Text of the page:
Caring for the Caretakers

In the event of a sudden loss of cabin pressure, oxygen masks will automatically descend from the ceiling. Grab the mask, and pull it over your face.  Fasten your own mask before assisting others.

I want to write about what the caretakers, the parents, the loved ones, feel when our children are affected by epilepsy.  My goal here only to relay what it has been like for me, in the hopes it is helpful for someone.  It seems each caretaker responds a bit differently to this situation.  For me the experience has been, at its worst, highly emotional and exceptionally difficult.  In the most difficult times, I greatly depended on hearing the perspective of others who struggled too.

Epilepsy is terrible.  Seizures are terrible.  They are frightening, disruptive, and can be dangerous.  They are a demonstrative indication that something is wrong.  Part of me hates them.  I hate the way they look and sound.  It connects to some very primitive part of my brain — probably the same part that recoils at the sight of blood, or a grotesque injury, or the macabre — that says “something is very wrong.”

Nora’s seizures were the most difficult thing I’ve ever dealt with.  They triggered a primal response within me to defend her.  I felt as though she was under attack, that there was a monster with her or within her.  I would daydream that I could make the monster real, something I could see or touch, something I could pitch all of my fear, anger, and frustration against.  But I couldn’t do anything for the seizures but wait and watch.  So I took data; lots of it.  I recorded the number of seizures she had in the morning, afternoon, and evening, as well as the medication dosages, how she slept the night before, whether or not she had a nap, what foods and supplements she had.  I made models of pharmacokinetics to estimate how much medication she had in her blood at any hour of the day.   I ran regression analyses to try to determine correlations to seizures with any of those factors, even including some time lag factors.  At the end of each day I updated my plot of the number of seizures per day.  Data keeping was a way for me to feel like I could do something.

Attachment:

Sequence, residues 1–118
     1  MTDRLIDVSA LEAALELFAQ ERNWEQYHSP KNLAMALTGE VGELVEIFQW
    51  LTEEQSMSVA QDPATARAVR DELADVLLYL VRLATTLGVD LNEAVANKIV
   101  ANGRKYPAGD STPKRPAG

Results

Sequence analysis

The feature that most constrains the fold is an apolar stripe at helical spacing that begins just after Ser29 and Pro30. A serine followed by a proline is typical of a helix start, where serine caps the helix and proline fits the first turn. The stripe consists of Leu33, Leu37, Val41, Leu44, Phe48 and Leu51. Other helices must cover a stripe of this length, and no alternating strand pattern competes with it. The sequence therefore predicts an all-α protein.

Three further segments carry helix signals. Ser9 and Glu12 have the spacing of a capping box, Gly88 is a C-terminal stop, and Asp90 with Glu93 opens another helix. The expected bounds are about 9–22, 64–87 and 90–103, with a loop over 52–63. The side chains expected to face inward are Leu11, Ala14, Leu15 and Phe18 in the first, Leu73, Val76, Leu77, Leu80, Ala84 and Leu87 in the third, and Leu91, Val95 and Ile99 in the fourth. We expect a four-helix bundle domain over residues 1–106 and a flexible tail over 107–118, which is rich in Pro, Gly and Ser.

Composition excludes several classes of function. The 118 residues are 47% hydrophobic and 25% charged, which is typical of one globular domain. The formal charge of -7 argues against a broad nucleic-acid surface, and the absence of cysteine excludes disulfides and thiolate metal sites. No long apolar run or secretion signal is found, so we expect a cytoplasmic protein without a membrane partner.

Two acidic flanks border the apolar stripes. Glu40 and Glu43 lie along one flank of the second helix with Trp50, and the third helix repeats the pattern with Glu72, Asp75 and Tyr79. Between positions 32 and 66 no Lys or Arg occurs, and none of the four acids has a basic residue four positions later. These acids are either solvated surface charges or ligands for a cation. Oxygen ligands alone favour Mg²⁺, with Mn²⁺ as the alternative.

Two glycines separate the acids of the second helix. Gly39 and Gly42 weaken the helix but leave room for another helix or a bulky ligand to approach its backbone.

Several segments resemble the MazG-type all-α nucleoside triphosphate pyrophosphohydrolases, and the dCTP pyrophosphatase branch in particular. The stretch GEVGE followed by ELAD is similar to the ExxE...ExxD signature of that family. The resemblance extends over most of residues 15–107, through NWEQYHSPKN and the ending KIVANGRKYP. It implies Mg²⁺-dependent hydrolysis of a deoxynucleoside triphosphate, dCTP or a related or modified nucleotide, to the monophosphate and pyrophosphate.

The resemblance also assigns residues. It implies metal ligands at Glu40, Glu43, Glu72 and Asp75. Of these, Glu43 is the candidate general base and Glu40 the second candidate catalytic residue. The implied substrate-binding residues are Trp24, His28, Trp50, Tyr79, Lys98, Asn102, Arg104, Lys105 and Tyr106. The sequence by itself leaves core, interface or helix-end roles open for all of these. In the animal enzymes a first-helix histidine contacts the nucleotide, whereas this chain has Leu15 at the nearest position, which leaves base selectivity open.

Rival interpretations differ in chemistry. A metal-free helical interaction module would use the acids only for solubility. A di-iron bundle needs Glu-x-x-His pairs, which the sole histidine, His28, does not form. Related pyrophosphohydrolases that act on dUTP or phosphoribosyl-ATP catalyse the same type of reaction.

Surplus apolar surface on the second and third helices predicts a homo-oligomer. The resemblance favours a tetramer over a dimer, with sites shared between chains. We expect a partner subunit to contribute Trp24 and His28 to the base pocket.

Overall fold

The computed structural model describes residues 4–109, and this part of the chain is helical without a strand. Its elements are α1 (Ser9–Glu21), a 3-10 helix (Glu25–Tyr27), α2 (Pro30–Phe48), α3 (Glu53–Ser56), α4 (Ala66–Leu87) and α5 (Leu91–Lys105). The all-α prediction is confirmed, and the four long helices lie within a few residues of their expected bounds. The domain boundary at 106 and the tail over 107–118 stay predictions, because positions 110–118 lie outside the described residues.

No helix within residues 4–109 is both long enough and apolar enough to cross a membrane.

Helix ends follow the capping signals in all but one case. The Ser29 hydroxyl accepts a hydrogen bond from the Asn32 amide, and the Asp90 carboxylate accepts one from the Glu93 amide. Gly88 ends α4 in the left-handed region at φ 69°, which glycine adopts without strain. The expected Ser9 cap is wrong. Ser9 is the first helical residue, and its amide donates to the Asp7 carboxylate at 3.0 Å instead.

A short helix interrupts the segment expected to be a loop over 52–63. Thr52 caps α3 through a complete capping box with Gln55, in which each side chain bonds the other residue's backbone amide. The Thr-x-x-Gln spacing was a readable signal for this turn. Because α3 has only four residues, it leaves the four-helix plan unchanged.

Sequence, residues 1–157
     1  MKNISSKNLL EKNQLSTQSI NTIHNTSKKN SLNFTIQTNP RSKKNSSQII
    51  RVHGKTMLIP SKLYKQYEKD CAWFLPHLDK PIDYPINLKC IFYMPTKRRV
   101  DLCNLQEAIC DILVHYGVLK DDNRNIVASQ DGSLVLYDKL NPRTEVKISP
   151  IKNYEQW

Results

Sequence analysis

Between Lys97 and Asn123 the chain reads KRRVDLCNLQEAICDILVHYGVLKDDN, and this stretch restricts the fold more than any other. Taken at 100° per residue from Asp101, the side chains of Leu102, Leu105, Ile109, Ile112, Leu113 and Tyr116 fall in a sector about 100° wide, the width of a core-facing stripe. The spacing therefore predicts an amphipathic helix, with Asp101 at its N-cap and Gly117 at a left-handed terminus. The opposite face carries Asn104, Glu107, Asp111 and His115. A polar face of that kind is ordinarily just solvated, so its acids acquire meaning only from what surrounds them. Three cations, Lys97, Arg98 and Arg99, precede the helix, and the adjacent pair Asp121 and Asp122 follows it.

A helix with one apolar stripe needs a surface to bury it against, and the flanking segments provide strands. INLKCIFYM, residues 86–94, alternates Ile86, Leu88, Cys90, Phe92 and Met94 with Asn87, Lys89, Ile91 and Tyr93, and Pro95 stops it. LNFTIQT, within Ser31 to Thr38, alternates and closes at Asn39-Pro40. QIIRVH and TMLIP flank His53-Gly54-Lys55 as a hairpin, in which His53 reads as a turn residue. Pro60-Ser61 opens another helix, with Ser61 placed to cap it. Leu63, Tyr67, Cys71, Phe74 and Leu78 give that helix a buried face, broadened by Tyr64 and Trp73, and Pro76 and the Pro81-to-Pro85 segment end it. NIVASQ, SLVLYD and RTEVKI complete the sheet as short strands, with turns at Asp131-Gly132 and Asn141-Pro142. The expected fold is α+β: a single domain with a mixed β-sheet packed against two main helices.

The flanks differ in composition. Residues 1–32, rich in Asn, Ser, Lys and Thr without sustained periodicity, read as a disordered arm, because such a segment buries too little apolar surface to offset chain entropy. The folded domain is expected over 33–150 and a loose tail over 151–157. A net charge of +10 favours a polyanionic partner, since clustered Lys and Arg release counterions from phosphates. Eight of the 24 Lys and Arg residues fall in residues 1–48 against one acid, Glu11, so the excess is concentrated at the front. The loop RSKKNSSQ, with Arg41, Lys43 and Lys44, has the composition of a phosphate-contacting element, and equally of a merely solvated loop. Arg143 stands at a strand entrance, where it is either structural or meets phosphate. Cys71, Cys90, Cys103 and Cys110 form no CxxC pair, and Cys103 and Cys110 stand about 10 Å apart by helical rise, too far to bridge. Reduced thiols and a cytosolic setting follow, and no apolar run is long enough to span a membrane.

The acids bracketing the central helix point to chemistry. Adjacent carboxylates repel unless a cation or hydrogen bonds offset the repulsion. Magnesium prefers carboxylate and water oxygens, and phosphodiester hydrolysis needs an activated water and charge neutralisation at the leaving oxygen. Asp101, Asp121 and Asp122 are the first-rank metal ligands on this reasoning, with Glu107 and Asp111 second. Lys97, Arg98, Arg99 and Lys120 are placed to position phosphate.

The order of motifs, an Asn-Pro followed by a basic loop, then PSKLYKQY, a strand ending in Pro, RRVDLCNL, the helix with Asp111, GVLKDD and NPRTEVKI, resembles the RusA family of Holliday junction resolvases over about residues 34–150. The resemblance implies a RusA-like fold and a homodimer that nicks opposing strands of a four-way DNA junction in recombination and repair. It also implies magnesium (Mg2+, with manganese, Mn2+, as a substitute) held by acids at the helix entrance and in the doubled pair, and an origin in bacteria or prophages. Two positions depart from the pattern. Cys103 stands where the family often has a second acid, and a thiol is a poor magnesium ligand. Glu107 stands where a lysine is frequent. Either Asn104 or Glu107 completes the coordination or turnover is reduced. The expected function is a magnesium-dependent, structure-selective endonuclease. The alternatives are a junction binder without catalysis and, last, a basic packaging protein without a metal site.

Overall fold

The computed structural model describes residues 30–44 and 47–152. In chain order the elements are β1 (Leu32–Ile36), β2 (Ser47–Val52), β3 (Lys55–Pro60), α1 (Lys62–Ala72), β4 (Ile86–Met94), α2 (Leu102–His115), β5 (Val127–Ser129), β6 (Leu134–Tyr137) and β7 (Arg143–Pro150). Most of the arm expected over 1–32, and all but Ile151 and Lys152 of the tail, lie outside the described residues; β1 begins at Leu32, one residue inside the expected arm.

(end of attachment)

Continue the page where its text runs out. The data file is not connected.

One of the most challenging aspects of adapting to the new reality was that it was always changing.  It was a roller coaster.  First there was the shock of the initial tonic-clonics, then a period of hoping it was an isolated incident, then the disappointment of their recurrence, then the appearance of the myoclonics, again the hoping it was isolated, then learning about the terrible prognoses that myoclonics can signify, then an improvement in seizures as we changed medications, then a steady march of the myoclonics’ reappearance and worsening.  Each brief period of relief and hope dashed with growing evidence that this was not going to be easy, that Nora may be impaired, that we will have to adapt to life as parents of a special needs child.  I’m not a superstitious person, but I began to feel that to dare to hope or smile was just to invite the pain of falling when those hopes were dashed.

Mornings were the hardest.  I woke up each day on the edge of tears.  I would lay there in bed, waiting to hear Nora’s feet on the floor as she walked to our room to cuddle with us for the 15-30 minutes or so before we got up.  The daily seizure count started almost immediately.  As Nora laid with us, she would typically have 1 to 3 myoclonics.  Time to get up.  My feet felt leaden.  “One foot in the front of the other” I told myself so many mornings.  I trudged to the kitchen to put the tick marks on the refrigerator whiteboard, already anticipating if the daily seizure count would be above or below normal.  If the trend was down, or up.

I was teaching a course that term — power electronics.  I remember many mornings standing before my students as they chatted with each other in the minutes before the start of lecture.  I would have my face down, pretending to read my course notes as I fought back tears.  Take a deep breath.  “OK class, let’s get started…”

I started to break under the constant pressure and stress.  The first and only genuine panic attacks I’ve had in my life started coming.  I remember one morning when she was a few weeks in on the switch from Keppra to Depakote.  As we made the switch, her seizures dropped dramatically.  She even had a few seizure free days.  But then they started back.  A little bit more each day.  This was the most devastating time for me.  There was no sugar-coating it: it was very bad news to have the myoclonics marching back through the new drug.  This particular morning I was getting ready to leave and happened to glance over at her as she played near the couch, just in time to see a myoclonic.  I felt the rush of hormones; the involuntary chemical cascade that tightened my chest and made me feel nauseous.  I remember pacing back in forth in one spot and clenching and unclenching my hand.  I felt like I was going to pass out.  I felt uncomfortable in my skin.